How to deal with distractions and how to prioritize tasks

Today I’ll finish all my tasks… maybe…

Has it ever happened to you that you started your day thinking “Today, I’ll finish all of my tasks and I won’t let any distractions get in my way” and then you find yourself wasting another 30 minutes on your phone scrolling, or having a never-ending conversation with one of your colleagues?

It happens to all of us. The important thing is accepting awareness of what is distracting you, so you can become more focused and less distracted. Here are three proven steps to follow, so you handle distractions better

  • Set down your tasks – yes, every single one of them
  • Define priorities and set deadlines
  • Be disciplined

 Set down your tasks – yes, every single one of them

Distractions are all around you, especially if you work in a shared workspace. They can be external such as people and phone calls, or internal such as remembering something. With so many distractions coming from different directions and with the possibility of being interrupted by someone else at any moment, it is important to manage your focus.

The way you can do this is by emptying your mind—writing down all the tasks that need to be done. It doesn’t end only with writing them down! In order for you to be able to prioritize better, you need to start categorizing tasks by importance and urgency. Importance is the significance of a task, whereas urgency refers to how close in time we need our tasks completed before they become “not urgent.” This is one of the most effective ways to organize your tasks. It helps you focus on what’s important, which will help you get more tasks done in less time. Another way of categorizing tasks, is if you spare them through the day, for example from 9-10AM you check and reply to emails, then from 10 AM – noon you schedule meetings and so on.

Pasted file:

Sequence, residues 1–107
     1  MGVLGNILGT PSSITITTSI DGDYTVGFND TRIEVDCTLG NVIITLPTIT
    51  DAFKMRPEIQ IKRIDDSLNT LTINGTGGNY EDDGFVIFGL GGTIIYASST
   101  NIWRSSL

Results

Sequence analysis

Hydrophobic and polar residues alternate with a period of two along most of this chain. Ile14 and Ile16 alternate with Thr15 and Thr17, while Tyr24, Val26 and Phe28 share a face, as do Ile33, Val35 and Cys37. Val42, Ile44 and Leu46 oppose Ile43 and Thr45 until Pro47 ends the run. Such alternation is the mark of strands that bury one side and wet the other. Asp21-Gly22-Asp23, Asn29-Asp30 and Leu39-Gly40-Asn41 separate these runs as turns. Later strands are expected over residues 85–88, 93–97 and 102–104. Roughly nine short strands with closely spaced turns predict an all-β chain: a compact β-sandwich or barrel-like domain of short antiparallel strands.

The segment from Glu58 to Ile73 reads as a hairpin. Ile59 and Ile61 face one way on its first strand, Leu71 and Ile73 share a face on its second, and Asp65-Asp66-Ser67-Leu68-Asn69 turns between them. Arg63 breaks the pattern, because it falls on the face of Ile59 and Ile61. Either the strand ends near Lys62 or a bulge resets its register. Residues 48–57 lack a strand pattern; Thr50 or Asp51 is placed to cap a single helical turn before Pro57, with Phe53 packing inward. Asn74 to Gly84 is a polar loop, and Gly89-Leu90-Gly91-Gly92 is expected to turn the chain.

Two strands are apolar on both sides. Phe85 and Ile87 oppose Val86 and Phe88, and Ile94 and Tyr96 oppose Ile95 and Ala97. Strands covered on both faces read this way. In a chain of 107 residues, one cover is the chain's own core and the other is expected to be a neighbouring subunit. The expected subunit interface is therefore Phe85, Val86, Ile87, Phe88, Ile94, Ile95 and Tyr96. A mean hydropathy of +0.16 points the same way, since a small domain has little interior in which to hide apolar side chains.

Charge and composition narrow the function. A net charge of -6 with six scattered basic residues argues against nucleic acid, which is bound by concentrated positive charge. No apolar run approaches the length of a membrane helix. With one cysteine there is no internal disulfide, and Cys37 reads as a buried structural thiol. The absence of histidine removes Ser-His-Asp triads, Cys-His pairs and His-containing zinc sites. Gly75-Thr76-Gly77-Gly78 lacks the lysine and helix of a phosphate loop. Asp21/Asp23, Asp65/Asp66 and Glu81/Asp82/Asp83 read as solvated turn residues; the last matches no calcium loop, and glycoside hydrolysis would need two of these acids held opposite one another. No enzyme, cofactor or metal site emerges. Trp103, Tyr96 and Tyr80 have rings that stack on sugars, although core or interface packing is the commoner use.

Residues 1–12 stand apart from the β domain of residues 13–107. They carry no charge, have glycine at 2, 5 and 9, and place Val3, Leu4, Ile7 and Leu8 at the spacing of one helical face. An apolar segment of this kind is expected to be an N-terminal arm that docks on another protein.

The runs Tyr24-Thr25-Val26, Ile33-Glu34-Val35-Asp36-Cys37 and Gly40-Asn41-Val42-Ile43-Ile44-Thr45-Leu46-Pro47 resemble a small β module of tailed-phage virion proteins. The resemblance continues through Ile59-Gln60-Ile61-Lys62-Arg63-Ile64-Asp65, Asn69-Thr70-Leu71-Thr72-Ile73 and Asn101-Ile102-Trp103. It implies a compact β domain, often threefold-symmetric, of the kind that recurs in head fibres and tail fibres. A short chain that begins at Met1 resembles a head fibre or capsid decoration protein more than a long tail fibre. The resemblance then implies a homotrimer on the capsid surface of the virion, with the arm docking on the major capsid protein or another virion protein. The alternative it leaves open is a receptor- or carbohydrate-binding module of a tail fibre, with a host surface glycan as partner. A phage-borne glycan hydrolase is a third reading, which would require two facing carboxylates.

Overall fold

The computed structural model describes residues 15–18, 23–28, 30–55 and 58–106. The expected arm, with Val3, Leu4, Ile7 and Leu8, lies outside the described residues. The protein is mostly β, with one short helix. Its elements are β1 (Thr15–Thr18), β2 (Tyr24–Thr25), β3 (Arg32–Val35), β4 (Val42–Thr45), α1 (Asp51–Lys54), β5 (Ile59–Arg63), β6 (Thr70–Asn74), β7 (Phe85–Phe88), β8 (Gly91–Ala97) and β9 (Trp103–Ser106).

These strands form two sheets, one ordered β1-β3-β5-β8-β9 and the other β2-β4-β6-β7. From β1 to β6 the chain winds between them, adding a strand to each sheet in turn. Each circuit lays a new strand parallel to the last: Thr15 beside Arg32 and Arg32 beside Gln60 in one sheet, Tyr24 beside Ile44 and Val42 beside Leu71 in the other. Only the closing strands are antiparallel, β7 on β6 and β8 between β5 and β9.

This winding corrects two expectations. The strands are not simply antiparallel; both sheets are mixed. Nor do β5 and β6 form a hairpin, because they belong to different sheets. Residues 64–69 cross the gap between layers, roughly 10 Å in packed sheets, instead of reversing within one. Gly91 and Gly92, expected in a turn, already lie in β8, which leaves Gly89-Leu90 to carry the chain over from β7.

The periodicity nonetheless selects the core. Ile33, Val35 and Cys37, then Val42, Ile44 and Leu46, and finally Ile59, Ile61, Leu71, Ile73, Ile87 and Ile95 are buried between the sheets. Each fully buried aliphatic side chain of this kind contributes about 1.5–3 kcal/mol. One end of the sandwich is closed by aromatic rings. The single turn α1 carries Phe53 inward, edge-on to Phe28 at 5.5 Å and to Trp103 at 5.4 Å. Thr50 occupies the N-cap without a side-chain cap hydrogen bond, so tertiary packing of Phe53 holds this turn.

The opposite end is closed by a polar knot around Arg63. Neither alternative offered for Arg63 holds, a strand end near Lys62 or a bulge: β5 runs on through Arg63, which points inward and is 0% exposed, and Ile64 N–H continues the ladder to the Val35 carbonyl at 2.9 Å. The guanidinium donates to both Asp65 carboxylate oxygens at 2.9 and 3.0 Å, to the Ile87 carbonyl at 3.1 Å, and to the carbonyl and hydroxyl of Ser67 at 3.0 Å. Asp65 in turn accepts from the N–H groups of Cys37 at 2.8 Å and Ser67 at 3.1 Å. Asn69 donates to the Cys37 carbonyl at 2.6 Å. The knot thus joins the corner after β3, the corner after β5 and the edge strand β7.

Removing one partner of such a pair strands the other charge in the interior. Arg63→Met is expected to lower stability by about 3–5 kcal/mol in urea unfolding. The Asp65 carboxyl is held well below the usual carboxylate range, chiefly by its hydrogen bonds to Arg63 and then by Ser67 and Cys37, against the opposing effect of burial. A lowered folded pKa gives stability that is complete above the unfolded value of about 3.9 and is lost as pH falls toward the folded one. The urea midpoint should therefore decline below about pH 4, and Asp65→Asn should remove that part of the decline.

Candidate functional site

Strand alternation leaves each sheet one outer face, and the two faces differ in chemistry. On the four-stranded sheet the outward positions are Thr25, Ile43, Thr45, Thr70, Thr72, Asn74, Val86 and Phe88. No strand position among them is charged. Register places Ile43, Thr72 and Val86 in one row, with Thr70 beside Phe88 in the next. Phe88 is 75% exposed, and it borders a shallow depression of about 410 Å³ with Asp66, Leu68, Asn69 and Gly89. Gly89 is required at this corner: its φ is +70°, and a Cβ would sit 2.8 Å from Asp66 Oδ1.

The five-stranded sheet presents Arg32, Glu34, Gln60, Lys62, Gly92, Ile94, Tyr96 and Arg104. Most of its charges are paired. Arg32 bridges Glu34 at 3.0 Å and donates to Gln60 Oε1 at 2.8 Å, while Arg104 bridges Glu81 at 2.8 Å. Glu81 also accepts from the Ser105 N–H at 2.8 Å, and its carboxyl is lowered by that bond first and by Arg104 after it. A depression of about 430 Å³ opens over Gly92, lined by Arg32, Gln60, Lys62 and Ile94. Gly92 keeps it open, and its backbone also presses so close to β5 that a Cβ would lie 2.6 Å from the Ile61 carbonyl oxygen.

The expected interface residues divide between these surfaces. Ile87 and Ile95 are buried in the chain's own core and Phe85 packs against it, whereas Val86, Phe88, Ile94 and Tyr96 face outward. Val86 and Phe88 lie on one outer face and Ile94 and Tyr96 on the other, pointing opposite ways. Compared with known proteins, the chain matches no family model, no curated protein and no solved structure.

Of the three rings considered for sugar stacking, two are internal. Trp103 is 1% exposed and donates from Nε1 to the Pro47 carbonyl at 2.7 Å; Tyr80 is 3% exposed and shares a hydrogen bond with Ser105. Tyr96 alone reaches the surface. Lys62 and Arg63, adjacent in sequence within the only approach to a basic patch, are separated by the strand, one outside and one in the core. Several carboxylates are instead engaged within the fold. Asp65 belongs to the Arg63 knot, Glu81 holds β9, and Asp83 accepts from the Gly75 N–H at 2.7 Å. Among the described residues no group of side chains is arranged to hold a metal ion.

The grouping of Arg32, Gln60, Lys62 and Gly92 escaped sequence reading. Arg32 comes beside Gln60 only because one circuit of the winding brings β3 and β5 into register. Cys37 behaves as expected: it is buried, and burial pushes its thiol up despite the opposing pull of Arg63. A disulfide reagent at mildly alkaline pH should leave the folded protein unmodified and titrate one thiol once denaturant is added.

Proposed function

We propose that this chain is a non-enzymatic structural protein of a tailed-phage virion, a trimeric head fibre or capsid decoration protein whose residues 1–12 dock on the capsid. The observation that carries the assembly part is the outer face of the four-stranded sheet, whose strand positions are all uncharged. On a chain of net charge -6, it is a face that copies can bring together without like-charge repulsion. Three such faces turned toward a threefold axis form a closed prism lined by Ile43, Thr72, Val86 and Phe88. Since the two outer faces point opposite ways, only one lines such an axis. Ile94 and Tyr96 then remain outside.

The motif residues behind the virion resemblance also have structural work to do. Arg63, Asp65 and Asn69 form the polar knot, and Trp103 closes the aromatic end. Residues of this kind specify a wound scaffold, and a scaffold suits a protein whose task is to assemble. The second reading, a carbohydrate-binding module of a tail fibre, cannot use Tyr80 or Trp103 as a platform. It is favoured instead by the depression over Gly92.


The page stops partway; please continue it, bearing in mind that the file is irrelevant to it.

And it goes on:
So you haven’t prioritized your tasks, eh? When you find yourself procrastinating (hello Instagram anyone?) stop and ask yourself what’s holding you back from doing the task at hand. Like really, what is it? You probably won’t like the answer. And you won’t like what comes next: If you can’t control your procrastination you will never get where you want to go, will you?

Tip: Set your phone in ‘Work Mode’ so you don’t get notifications to distract you from working.

Define priorities and set deadlines

Next, set deadlines for each task, or simply prioritize the list from most important to least important. This will help you make sure that you hit your deadline and get things done on time.

Hint: When prioritizing your tasks, always, I mean always put the most unpleasant task at the top of the list! Swallow the frog first and get on with your day knowing it’s only going to get better from then onwards.

If you want to be more productive, then it’s important that you only schedule one or two tasks at any given time so that they don’t get lost in the shuffle of everything else going on around them. Each day, pick the most important task and complete it first thing in the morning.


If someone asks if they can take over an existing project or task that is on your list, say “yes” and strike it off. If you have too many things that must be delivered within certain timeframes ask for help; find people that can lend you a hand.

Be disciplined

Once you have a list of your priorities and goals, it’s time to practice discipline. When designing goals, make sure they are achievable. You can’t accomplish a big task in one day, but you can do something smaller that will help you keep on track with your intentions and get closer to achieving the task. Break down the task into manageable chunks so that it doesn’t overwhelm you. If you follow this way and stay consistent on creating these habits, you will be practicing discipline.

To delve deeper into this, see this article about SMART goals.

If you find it hard to meet your deadlines, try creating consequences for not completing a task. The consequences should be something that will motivate you to complete the task, and they should also be specific. For example, if you won’t be able to finish your tasks on the deadlines, you will get no dinner.

Hint: Don’t forget to get enough sleep and make time in your busy life to have some fun too.

Dealing with distractions is not that hard, but you need to have a process and a structure and you will see the results. Guess what? Once you see these early results, they will encourage you to get even better at it! Who would have thought…? Getting your to-do list done can feel good 🙂